Is a SSOSA Right For Me?

If you’ve been convicted of a sexual offense in Washington State, you may be eligible for sentencing under Washington’s Special Sexual Offender Sentencing Alternative (SSOSA).

 

What is a SSOSA, you might ask?  Under Washington law, some offenders convicted of sex crimes may be eligible for a special form of sentencing that, rather than simply handing down prison time, may also include crime-specific treatment and counseling.  The goal of the SSOSA program is to address the root causes of sex crimes and to lower recidivism for sex offenders, as well as to reduce overall incarceration rates in Washington State.

 

Who is eligible for a SSOSA?

To be eligible for a SSOSA sentence, you must meet certain requirements.  These requirements are:

  • A sex offense other than Rape 2 (or a sex offense that is also a serious violent offense, such as Rape 1)
  • If you have entered a guilty plea, you must voluntarily and affirmatively admit you committed all the elements of the crime to which you are pleading guilty
  • No prior sex offense convictions or any other felony sex offenses in Washington or any other state
  • No prior adult convictions for a violent offense committed within the last five years
  • The offense must not have resulted in substantial bodily harm to the complaining witness
  • You must have had an established relationship with, or connection to, the victim such that the crime committed was not the sole connection between you and the complaining witness

 

The standard prison sentencing range for the charged offense must have an upper limit of confinement for less than 11 years.  While this requirement seems innocuous enough, it is often critical in cases where a child claims to have been molested repeatedly over a period of years.  In these cases, the prosecutor can easily file enough counts to make the standard sentencing range far beyond 11 years, and making the defendant ineligible for a SSOSA.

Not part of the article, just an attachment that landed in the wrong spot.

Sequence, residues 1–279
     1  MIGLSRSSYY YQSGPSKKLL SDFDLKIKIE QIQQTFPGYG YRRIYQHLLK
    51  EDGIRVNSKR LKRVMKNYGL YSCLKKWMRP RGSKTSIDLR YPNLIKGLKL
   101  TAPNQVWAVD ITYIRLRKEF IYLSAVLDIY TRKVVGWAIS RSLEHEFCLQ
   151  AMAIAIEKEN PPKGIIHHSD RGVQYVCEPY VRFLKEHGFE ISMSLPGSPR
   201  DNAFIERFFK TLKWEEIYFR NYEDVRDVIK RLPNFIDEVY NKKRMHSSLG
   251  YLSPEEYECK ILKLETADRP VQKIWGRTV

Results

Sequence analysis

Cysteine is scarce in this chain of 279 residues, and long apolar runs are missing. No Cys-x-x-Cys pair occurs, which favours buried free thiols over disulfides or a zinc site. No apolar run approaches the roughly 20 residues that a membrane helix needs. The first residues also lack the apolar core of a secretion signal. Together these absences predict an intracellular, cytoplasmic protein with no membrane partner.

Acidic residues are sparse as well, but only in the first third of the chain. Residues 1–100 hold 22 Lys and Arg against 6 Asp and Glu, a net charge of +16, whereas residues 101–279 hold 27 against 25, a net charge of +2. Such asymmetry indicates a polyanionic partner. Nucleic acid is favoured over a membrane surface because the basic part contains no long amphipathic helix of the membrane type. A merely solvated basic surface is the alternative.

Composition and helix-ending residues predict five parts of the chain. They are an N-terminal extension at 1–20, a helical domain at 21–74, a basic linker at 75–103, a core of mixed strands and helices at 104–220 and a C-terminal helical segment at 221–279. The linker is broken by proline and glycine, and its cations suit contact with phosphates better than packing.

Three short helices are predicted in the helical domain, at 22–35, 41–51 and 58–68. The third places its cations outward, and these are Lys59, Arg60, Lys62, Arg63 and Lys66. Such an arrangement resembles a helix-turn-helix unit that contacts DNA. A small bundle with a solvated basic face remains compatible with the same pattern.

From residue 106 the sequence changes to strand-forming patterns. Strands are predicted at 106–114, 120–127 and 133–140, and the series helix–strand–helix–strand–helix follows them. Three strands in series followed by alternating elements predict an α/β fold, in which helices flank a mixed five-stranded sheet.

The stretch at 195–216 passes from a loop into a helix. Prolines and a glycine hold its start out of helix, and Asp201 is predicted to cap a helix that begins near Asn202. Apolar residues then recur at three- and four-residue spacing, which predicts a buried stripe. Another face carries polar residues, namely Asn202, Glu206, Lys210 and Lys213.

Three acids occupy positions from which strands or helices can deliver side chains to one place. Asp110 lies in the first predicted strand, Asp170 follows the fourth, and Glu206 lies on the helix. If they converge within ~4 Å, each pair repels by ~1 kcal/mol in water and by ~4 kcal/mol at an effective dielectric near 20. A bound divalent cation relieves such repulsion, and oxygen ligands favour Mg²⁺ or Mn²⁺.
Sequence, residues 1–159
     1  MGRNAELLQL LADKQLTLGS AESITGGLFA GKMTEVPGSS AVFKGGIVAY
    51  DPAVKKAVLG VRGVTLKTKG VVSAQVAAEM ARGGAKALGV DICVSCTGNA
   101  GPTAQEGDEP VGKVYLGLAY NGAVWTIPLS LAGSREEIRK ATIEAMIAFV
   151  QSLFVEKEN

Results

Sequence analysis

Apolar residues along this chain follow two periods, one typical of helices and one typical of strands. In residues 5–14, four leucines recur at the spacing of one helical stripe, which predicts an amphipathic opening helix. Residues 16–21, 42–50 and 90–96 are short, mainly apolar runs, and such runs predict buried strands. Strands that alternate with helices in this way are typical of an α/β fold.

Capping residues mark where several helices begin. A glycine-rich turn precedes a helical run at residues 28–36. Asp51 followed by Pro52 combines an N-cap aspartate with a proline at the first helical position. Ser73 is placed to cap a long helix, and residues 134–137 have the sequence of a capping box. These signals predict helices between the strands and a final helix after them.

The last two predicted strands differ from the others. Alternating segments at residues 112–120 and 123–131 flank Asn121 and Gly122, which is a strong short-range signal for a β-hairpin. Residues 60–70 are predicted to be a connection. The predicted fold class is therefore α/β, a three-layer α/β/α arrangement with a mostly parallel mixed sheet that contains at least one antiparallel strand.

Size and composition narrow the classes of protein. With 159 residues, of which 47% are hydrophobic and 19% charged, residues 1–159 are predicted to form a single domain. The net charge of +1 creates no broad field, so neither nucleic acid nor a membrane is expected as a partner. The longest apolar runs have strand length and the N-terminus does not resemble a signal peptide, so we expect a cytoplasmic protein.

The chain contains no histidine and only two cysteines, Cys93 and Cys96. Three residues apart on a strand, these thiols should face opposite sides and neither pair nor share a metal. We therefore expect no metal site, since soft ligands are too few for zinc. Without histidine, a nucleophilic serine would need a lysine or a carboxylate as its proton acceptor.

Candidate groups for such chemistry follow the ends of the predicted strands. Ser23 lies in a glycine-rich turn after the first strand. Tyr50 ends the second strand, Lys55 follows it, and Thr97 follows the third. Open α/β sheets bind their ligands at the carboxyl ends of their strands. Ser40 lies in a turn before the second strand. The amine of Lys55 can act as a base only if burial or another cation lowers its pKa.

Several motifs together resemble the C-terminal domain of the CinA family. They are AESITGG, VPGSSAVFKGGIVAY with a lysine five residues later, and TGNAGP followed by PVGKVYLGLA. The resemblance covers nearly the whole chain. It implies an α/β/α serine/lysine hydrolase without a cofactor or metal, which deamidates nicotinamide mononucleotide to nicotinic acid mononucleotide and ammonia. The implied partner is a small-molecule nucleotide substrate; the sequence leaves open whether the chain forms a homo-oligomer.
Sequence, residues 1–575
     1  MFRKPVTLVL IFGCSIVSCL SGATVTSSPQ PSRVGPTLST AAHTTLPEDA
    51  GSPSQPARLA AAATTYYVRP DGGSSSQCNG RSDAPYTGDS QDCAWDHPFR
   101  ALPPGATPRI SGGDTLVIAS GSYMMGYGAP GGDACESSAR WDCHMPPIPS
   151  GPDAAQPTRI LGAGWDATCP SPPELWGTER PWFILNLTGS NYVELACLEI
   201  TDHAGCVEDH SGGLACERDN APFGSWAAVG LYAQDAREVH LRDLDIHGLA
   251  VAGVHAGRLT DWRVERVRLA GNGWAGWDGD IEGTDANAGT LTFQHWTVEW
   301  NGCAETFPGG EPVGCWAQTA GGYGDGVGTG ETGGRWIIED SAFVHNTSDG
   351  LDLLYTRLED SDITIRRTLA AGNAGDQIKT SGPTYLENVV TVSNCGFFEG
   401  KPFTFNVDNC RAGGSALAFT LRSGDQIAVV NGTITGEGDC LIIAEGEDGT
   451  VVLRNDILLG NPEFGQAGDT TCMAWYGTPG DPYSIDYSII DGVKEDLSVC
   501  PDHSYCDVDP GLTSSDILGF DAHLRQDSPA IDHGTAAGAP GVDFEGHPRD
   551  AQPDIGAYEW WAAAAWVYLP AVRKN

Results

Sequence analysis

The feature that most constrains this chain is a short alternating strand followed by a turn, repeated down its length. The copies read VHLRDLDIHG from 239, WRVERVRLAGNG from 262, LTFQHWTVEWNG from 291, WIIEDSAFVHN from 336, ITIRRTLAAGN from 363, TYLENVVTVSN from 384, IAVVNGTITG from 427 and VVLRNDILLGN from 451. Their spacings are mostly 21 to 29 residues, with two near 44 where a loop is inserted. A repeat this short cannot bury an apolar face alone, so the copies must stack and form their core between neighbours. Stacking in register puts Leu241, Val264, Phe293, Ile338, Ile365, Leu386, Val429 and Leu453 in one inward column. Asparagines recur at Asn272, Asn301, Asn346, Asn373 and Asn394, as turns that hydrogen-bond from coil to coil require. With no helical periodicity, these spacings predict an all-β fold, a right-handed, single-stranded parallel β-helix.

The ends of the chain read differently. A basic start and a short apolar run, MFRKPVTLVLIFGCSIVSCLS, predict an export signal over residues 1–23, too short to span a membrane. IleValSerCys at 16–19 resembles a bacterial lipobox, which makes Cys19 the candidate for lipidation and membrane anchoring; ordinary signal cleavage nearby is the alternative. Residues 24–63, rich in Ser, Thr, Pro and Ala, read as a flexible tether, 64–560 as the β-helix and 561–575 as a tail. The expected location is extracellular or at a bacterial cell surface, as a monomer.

If this is your situation, your attorney will need to be mindful of your SSOSA eligibility while negotiating with the prosecutor.  In doing so, your attorney may be able to convince the prosecutor to drop enough counts to make you SSOSA-eligible.

 

What might a SSOSA sentence look like in practice?

Once the court has handed down a SSOSA sentence, there may still be a period of prison time to serve, even if it is reduced from the time you might be serving without the SSOSA.

 

Treatment as a part of a SSOSA must be from a state-certified sex offender treatment provider, and can be done either in an inpatient or outpatient setting.  Treatment is usually done in groups but can be individual.

 

Once released from prison, you will likely also be subject to community custody conditions.  Community Custody is a new term for parole.  A person on community custody is monitored for a period of time by a state official, a community corrections officer.  A “community custody condition” is a condition the court imposes on an offender at sentencing.  These conditions apply during the period of community custody, and must be related to the crime charged.

 

What happens after the SSOSA sentence has concluded?

Once you have completed your SSOSA sentence, there may be other requirements of which you must still comply.  Principally, you must be aware of your duty to register as a sex offender, which will begin immediately, not after SSOSA, and is independent of SSOSA.  In Washington State, sex offender registry is handled at the county level, and you will need to register with the sheriff’s department in the counties where you live, work, or attend school.  For more information on registry, please see our earlier post.

 

While treatment will probably last about 3-5 years, community custody and community often lasts for life.  Therefore, it is essentially important that you understand what your duties are and how long they will last.

 

The Marshall Defense Firm is ready to assist individuals to both obtain SSOSA sentences and to understand their rights and responsibilities once a SSOSA sentence is in place.  If you think you might be eligible for a SSOSA sentence and need an attorney to represent you, please contact us.